I find that I feel writing a non-fiction subject oriented book is nonsense for non-academics. I feel a strong aversion to the idea of writing a non-fiction book, as people have suggested to me occasionally since university.
Different elements are part of that aversion:
- There’s a plethora of non-fiction books that to me seem 300 to 400 pages of anecdotal padding around a core idea that would fit on the backflap. Many such books lack tables of content and indexes, seemingly to better hide that one or few core ideas, so you need to go through all pages to find them.
- The motivation for non-fiction writers to write a book I often find suspect. Aimed at marketing and PR, in support of selling themselves as consultant for instance. Written not to serve an audience, or even find one, but as a branding prop. That makes the actual content often even thinner. Such as taking something anecdotal like “I had this great project I enormously enjoyed doing” and anointing it as the new truth, “Organise all your projects like this, it’s a universal method!”
- I equally find my own favourite topics suspect as material for writing a book. I don’t think any of the topics I work on, and have been working on, are deep enough or have enough solid foundation to stand on their own as a book. It could only become a range of anecdotes around ideas that themselves fit in a sentence or two. In my activities context and environment are key in working out how an idea can be made to work for a client, and that’s the work. That’s a good source of anecdotes, but not more. See the first bullet. A book about it would be a collection of opinions, and in my eyes would take a rather large amount of work to give those ideas a more solid footing.
In a conversation with E about this a few months ago, she said that’s a very arrogant stance towards authors (they have nothing to say), as well as belittling myself (I have nothing to say). I think those are both the same things, that most people, including me, don’t have enough to say to fill a book, to spend tens of thousands of words on. Many have enough to say on enough moments to at that time fill a great blogpost, article, a pamphlet (like the one about birthday unconferences shown in the right hand column), or an essay. But not a book, an artefact that seems such a heavyweight creation and production process in comparison. There are those who write a book by collating material that was previously written as blogposts, or as internal notes, and then somewhat rearranged. I see that as case in point more than counter argument.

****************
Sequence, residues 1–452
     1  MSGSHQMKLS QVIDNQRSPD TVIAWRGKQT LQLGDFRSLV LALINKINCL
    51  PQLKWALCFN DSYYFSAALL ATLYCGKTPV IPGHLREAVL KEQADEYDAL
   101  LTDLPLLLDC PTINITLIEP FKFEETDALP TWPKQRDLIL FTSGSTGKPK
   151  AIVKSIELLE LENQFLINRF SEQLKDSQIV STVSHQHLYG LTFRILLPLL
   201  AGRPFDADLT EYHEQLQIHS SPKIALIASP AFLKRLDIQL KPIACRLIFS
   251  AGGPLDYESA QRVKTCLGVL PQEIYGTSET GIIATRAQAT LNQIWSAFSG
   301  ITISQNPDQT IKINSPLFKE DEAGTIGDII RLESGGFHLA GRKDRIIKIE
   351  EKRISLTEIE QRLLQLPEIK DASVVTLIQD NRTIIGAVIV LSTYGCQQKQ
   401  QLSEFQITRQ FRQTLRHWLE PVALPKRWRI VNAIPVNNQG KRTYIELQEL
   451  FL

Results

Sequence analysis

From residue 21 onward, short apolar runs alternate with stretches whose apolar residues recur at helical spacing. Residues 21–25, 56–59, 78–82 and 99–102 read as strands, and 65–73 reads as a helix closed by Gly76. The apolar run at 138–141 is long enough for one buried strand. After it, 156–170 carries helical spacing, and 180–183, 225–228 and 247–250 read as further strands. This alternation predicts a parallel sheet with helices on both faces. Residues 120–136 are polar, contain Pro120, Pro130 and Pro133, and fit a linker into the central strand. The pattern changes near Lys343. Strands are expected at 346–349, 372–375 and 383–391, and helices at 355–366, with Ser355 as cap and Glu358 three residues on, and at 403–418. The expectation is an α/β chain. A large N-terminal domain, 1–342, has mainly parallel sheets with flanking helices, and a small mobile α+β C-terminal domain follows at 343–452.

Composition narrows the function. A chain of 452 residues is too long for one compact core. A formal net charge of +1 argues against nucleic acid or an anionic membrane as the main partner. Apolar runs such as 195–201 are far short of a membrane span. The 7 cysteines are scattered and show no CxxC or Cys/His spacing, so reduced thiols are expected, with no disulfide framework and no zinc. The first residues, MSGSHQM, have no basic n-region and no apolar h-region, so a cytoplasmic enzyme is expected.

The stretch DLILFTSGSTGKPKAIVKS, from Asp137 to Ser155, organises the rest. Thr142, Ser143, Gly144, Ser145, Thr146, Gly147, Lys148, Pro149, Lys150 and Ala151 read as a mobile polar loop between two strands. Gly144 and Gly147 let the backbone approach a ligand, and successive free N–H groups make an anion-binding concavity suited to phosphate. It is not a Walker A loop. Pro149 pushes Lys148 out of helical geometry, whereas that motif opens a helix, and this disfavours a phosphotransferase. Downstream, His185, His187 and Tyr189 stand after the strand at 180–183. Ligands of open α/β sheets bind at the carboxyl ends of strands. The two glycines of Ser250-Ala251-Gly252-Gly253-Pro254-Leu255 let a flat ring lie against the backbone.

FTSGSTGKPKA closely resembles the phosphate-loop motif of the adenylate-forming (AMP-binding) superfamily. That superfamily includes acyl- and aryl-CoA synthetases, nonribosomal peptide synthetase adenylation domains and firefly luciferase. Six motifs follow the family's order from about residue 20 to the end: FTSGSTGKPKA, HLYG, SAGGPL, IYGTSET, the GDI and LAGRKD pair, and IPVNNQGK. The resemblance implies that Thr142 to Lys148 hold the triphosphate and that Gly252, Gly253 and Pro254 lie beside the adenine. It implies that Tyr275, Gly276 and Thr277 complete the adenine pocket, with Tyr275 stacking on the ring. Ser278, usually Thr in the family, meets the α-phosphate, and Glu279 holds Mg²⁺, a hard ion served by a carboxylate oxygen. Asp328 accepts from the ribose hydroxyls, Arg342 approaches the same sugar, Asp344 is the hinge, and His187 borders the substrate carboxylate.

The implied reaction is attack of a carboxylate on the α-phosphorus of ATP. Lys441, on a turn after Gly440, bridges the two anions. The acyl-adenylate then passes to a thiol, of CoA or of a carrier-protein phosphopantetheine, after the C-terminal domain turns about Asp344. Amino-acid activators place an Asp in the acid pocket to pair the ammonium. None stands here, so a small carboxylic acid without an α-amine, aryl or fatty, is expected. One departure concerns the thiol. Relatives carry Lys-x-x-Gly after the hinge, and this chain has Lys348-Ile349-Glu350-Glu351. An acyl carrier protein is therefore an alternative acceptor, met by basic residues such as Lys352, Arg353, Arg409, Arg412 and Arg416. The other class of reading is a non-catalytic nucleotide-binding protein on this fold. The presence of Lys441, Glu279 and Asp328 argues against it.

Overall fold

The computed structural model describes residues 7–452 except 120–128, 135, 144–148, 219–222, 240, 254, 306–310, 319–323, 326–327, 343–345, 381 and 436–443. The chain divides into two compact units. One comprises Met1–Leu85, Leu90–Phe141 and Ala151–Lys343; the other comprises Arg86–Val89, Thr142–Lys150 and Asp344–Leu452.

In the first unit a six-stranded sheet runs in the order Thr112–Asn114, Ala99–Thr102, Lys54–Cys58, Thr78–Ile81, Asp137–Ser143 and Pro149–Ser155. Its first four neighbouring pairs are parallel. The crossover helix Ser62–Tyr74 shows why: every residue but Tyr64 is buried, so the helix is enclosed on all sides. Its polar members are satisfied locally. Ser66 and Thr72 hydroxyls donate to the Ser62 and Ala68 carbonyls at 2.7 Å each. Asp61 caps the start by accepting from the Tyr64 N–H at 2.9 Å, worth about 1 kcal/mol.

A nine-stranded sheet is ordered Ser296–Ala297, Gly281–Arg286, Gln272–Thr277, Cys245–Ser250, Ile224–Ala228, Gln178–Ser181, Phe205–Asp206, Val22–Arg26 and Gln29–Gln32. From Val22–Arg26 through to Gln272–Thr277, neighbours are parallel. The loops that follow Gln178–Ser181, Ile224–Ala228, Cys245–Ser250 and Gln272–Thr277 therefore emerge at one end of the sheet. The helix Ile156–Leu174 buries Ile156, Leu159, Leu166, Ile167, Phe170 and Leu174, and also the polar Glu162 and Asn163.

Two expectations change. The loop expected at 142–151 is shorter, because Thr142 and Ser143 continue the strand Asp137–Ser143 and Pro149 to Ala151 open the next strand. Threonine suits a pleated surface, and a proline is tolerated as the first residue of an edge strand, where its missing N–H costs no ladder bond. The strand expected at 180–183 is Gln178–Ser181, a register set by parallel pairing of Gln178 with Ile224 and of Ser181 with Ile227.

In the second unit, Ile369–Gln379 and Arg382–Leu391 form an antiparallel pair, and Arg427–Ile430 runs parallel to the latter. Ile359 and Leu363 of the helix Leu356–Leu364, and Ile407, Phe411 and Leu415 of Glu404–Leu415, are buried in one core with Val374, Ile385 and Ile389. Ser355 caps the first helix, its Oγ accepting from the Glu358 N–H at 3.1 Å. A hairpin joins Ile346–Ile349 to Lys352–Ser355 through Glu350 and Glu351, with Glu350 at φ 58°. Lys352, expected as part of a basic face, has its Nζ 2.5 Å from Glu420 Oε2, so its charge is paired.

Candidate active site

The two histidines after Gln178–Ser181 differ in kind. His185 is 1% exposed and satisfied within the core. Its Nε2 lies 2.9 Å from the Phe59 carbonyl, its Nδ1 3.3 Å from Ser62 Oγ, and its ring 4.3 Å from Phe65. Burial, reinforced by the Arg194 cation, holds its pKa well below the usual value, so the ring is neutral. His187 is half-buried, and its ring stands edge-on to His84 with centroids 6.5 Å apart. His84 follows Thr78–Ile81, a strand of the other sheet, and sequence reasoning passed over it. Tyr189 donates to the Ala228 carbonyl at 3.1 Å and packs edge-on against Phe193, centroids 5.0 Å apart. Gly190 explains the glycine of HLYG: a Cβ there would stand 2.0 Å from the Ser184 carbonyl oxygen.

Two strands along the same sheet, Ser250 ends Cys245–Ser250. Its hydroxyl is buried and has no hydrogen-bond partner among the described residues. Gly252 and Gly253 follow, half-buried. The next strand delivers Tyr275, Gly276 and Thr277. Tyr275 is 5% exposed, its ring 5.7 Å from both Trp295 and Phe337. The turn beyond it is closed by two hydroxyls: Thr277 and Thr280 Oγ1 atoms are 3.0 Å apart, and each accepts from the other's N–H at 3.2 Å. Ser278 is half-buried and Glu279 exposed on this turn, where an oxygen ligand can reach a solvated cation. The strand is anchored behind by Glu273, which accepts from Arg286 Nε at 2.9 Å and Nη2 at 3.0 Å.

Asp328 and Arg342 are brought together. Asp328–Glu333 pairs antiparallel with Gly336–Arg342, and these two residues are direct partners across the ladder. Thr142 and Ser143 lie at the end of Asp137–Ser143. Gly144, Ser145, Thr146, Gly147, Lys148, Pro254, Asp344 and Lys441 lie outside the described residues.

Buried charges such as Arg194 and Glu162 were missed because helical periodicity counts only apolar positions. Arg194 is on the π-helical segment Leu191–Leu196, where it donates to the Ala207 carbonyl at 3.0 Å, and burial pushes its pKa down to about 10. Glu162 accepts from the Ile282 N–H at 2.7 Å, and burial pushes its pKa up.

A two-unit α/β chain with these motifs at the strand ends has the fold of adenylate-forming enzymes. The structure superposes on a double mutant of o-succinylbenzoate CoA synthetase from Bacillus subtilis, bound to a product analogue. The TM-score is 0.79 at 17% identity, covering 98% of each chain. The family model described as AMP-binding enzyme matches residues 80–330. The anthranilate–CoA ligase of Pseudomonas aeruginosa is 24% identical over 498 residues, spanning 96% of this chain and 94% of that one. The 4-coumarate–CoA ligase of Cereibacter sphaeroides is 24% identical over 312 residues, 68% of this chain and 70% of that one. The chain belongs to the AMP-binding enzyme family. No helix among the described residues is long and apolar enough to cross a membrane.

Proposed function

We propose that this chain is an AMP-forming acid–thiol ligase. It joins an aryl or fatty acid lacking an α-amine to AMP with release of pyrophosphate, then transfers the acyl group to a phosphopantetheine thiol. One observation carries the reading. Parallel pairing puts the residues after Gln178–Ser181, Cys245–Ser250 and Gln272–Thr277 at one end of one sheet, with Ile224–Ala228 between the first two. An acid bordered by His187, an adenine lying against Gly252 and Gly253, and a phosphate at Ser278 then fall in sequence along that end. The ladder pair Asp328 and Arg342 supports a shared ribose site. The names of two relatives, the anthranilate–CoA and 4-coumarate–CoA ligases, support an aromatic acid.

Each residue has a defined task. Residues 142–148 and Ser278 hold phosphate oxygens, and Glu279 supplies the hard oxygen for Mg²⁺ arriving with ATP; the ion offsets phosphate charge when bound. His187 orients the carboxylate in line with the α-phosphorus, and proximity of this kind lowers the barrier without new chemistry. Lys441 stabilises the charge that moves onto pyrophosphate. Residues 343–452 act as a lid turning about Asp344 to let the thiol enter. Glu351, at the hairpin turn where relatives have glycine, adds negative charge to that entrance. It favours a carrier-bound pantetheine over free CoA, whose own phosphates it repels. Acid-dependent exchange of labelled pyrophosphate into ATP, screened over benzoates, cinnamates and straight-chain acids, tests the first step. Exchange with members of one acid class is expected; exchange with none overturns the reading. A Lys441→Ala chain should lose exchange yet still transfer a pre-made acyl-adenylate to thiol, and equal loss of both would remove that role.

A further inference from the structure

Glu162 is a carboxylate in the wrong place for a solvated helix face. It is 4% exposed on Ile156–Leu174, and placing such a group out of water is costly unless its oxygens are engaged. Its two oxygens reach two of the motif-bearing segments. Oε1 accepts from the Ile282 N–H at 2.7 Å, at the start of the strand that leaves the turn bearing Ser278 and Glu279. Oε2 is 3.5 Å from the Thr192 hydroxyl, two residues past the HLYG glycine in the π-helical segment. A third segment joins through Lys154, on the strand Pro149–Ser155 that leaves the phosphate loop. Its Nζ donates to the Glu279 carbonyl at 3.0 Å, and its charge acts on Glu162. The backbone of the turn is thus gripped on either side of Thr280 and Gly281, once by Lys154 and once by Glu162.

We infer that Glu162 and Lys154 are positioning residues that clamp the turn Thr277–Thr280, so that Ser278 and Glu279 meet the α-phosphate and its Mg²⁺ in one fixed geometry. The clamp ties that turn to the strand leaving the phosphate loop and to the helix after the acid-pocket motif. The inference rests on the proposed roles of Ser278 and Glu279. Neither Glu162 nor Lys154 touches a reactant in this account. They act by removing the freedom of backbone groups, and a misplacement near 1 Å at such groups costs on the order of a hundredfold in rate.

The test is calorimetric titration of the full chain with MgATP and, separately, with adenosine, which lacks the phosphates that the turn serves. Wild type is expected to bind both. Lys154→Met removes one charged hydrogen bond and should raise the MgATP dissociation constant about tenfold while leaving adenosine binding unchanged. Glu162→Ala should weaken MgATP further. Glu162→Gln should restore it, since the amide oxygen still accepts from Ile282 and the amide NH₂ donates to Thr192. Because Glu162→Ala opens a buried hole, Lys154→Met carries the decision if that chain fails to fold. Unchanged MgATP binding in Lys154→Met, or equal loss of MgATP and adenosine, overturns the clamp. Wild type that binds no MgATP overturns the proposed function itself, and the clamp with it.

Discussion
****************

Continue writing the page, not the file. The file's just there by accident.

As stated at the top, I make exceptions for academic books, explaining or introducing a field or actual research and their popular science counterparts, and for non-subject non-fiction, that e.g. describes a journey (geographically, or through life for instance, ‘true stories’, the history of a topic and how we ended up in the current situation, that sort of thing).
I also don’t mean fiction. Fiction’s role is very different, and any story that makes you read the next sentence and the next and the next is not what I mean here.
In that sense I very much appreciate the work of Cory Doctorow, who writes articles, essays, columns and blogposts about the topics he cares about, and writes fiction books to explore those same topics along different and novel routes.
Yet, our house holds many non-fiction books. A stack of books that keeps ever growing. So, why is that? Is it that there is more value in the whole, the collection of books read, and those unread, as opposed to the lack of value I perceive in any singular book in itself? Or maybe I don’t understand what writing a non-fiction book is, and what it is for. There are people reading my blog who have written non-fiction books. What were your motivations and aims? Why a book?